Dylan CeaseDylan Cease made his major league debut this week and got himself a win.  On the day, Cease went five innings giving up 3 runs and striking out six.  Much of what you saw was as advertised: Cease throws gas (almost 97mph on average); was a bit wild walking four in the outing; and showed his impressive four-pitch repertoire.  All that said, the key for me is how Cease recovered from a bad first inning to settle in, keep his team in the game and get himself and his team a win. Indeed, despite a very wild first inning no doubt fueled by nerves, Cease ended the game with more than 60% of his first pitches being strikes.   While it is far from a sure thing, Cease looks to me like a guy who had nothing left to prove in the minors and who will thrive in the major leagues. The rewards could be high so take the risk!

Colin PocheColin Poche was dealing on Wednesday tossing two perfect innings while striking out five.  Since coming up to the show, Poche has 23 strikeouts in just over 15 MLB innings. If you combine minors and majors this year, Poche has 71 strikeouts in under 43 innings.  That is dealing! The advanced metrics back up the K numbers. For example, Poche has a gaudy MLB 22% swinging strike rate and an even more ostentatious chase rate of almost 45%.  Yes, 45%! Will Poche close? Maybe. Will he post strong ratios and a good helping of strikeouts? It sure looks that way! Buy. 

Jose Urquidy:  Speaking of pitchers with gaudy minor league numbers, Jose Urquidy surely qualifies.  In 76.2 innings, Urquidy has mowed down 104 hitters. That is setting them up and sitting them down.  His first MLB start was a bit shaky but Houston plans to keep him in the rotation. Given that Houston seems to know pitching, will win games and has a bullpen to bail out Urquidy when or if necessary, Urquidy is a worthy add.  Oh, and if you need more ammunition, consider that Urquidy posted over a 16% swing strike rate to support his minor league K numbers. [Note: after I wrote this but before publishing, Urquidy had a bad Sunday outing. It is worrisome but could reduce the price for a high upside K pitcher]. 

Kole Calhoun Kole Calhoun hit his 19th dinger of the year Friday.  On the day, Kole was 2-4 with a run and two RBI to go along with that dinger.  What is significant is that 19 dingers is what Kole hit all year in 2017 and all year in 2018.  Juiced ball or not, the power has clearly increased. That said, he is still a buy low candidate.  Folks will focus on the low .238 batting average. You should focus on the depressed BABIP, very low soft contact rate, reduced chase rate and solid line drive rate.  Hitting in front of (or sometimes right after) Trout and Ohtani should yield Calhoun plenty of chances to score runs and drive them in. Buy.     

Ariel Jurado :  Last week we wrote: “Ariel Jurado pitched very well Thursday tossing seven shutout innings while striking out four.  On the year, Jurado boasts an ERA under 4.00. Can he continue to provide quality innings? I would not count on it. Here are some of my concerns:  Jurado strikes out fewer than six and a half per nine innings; he has a swinging strike rate under 8%; has an xFIP that is almost a run higher than his ERA; Texas will become an even worse place for pitchers as the summer wears on; and hitters have posted a hard hit rate of over 40% against him.  With games this upcoming week against Mike Trout , Shohei Ohtani and the Angels followed by a date with the Twins, selling or benching Jurado is the only play.” Well, I hope you listened and benched Jurado. Against the Angels, Jurado gave up six runs in six innings (including two dingers) to take the loss.   The Angels were making strong contact in that outing as Jurado’s soft contact number was under 20% for the game. I would continue to stay away. You have been warned again!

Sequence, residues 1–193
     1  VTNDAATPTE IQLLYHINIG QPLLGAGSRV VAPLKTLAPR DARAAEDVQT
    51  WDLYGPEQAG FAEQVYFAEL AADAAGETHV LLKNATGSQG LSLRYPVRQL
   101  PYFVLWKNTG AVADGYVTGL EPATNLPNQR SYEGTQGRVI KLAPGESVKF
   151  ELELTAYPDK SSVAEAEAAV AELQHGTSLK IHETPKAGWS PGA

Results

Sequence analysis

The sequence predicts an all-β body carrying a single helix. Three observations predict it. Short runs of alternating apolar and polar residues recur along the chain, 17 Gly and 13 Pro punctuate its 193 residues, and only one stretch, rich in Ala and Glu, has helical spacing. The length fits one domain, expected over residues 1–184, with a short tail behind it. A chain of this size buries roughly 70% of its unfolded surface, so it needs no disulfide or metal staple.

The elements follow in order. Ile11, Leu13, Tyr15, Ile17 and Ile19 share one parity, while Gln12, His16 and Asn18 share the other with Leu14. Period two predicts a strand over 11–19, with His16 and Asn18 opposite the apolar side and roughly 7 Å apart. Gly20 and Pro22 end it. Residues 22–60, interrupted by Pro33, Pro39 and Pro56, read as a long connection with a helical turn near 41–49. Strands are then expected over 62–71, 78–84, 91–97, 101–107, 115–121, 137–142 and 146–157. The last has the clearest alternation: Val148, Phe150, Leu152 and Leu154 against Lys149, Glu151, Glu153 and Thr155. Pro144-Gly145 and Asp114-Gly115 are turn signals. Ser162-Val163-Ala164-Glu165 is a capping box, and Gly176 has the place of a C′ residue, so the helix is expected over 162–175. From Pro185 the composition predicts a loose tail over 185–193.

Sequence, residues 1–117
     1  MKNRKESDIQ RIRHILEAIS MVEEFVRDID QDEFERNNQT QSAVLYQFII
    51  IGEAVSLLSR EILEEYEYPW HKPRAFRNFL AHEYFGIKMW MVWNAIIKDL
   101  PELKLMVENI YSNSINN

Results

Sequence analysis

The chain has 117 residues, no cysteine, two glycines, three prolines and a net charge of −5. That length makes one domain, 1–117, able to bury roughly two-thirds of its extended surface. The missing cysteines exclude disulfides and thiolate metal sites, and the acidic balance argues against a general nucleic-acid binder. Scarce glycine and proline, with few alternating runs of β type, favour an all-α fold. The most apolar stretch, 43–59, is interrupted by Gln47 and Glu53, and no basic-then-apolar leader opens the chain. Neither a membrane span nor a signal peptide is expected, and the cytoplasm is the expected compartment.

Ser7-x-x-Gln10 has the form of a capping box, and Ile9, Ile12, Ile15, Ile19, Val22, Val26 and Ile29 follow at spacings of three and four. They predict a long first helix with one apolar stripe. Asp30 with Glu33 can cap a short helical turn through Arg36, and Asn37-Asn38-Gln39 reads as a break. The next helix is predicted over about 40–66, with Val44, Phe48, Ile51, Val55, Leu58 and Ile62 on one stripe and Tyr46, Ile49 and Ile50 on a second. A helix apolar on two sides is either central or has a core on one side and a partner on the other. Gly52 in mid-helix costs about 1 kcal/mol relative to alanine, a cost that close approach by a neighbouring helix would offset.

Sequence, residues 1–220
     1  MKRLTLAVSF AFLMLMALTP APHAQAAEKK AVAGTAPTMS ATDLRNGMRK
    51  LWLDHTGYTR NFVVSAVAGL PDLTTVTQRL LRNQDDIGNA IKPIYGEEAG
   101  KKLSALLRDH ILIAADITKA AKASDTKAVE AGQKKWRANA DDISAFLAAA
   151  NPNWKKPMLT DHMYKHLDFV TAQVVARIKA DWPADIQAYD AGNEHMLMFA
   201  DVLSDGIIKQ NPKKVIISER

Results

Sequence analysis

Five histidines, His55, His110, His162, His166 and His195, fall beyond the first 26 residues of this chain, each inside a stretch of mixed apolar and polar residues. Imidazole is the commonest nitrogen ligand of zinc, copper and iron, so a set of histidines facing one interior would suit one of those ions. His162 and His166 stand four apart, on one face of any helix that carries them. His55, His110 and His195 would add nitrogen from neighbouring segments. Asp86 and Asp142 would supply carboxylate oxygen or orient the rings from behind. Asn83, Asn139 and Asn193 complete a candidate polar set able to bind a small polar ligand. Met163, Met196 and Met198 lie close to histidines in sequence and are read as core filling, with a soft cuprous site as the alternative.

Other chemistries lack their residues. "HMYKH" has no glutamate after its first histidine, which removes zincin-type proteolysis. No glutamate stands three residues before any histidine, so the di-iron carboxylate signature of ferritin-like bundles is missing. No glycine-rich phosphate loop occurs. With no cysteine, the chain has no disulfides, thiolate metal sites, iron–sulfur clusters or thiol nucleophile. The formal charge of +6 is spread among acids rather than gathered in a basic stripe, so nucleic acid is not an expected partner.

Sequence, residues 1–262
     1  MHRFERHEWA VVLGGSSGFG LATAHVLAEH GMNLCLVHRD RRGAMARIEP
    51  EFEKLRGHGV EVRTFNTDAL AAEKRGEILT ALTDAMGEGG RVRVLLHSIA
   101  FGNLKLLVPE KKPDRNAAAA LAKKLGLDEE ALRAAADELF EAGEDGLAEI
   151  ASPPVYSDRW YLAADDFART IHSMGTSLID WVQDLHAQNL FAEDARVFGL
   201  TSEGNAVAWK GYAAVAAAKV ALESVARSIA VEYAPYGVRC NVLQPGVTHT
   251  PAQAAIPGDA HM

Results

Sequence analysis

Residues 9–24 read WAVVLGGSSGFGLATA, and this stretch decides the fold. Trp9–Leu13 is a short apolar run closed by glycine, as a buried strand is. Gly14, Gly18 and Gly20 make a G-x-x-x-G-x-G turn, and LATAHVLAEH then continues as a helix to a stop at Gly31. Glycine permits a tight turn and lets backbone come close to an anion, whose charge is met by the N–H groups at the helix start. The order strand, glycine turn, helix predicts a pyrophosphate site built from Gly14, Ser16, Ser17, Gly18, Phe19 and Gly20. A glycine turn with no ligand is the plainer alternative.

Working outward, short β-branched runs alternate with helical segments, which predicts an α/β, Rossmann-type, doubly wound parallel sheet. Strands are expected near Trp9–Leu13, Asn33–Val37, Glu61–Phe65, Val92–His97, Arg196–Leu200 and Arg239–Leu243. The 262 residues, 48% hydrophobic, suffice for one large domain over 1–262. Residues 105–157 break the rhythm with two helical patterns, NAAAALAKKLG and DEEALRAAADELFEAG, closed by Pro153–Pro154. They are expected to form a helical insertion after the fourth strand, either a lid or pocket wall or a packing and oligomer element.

Finally, the moment you have been waiting for (sort of) -- Schultz says: “Longtime readers of The Week That Was (dating back to those years when we were on some other web site whose name I can never remember) may be aware that The Overlord and Schultz are rarely co-owners of a fantasy sports franchise. (This may or may not have anything to with a lengthy debate as to whether William Green should be taken over Jamal Lewis). However, this does not mean your humble narrator refrains from seeking advice from a member of the FSTA Hall of Fame. 

Schultz will now summarize a pre-auction discussion that was not conducted this concisely. Trust me, the specifics would not assist the narrative.

Schultz: "All things being equal, do I keep Buster Posey or Franmil Reyes ? I can only keep one and it is a keeper league."

Overlord: "No brainer. Posey."

32-year-old Buster Posey is hitting .255 with 3 HR and 22 RBI and scored only 23 runs. 24-year-old Franmil Reyes is hitting only .252 and driven in 42. However, his 25 homers means he has driven himself in more times than Posey has driven in his entire team and has crossed the plate on his own home runs more than Posey has scored all year.

Without using the words "position scarcity" - which doesn't apply here as Schultz acquired Mitch Garver and Chance Sisco in free agency - Schultz challenges The Overlord to defend this mistake.”

Response:  Fair points and no doubt, Reyes has outperformed Posey.  That said, my preference for Posey was not only based on positional scarcity but also the dramatic uncertainty regarding playing time in the Padres outfield.  Yes, with the benefit of hindsight, we all know Franchy Cordero got hurt, Manuel Margot gets benched way too much despite being far and away the best fielder and Josh Naylor and Travis Jankowski have been non-factors.  However, we did not know these things back in March! [Oh, and Jamaal Lewis ran for 2,000 yards in that year referenced by the Baron of the Bottom of the Page!]